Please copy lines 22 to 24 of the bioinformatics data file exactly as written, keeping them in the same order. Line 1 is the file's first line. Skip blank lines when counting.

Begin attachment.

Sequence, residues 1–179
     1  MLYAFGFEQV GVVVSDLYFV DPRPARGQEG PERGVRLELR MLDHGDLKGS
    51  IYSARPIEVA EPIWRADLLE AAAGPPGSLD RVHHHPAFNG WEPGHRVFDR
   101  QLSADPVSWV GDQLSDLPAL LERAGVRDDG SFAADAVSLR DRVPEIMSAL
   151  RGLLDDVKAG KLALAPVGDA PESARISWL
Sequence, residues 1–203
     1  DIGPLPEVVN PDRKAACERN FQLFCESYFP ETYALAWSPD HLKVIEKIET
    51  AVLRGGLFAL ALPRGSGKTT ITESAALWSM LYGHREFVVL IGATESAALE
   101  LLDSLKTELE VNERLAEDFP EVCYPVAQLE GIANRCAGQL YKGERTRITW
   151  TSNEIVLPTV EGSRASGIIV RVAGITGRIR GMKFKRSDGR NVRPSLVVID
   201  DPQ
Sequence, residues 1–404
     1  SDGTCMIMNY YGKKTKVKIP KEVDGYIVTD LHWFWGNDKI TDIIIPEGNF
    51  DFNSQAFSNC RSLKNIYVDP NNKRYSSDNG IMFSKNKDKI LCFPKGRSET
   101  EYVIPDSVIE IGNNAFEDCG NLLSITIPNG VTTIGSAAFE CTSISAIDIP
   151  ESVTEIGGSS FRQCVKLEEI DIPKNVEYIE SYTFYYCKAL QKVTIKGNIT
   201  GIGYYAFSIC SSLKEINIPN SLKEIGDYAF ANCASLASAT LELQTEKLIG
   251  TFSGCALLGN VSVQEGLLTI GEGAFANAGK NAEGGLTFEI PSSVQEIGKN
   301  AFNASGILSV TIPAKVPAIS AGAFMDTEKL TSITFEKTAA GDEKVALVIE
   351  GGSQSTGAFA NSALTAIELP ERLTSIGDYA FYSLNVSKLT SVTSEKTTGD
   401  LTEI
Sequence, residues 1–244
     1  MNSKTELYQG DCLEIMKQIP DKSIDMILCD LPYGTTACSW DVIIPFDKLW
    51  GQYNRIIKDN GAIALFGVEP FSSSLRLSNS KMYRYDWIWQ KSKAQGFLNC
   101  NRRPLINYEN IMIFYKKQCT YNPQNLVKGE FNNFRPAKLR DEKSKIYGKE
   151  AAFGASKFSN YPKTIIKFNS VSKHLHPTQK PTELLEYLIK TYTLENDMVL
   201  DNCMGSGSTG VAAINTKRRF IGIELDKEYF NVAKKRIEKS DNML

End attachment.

Sequence, residues 1–244
     1  MNSKTELYQG DCLEIMKQIP DKSIDMILCD LPYGTTACSW DVIIPFDKLW
    51  GQYNRIIKDN GAIALFGVEP FSSSLRLSNS KMYRYDWIWQ KSKAQGFLNC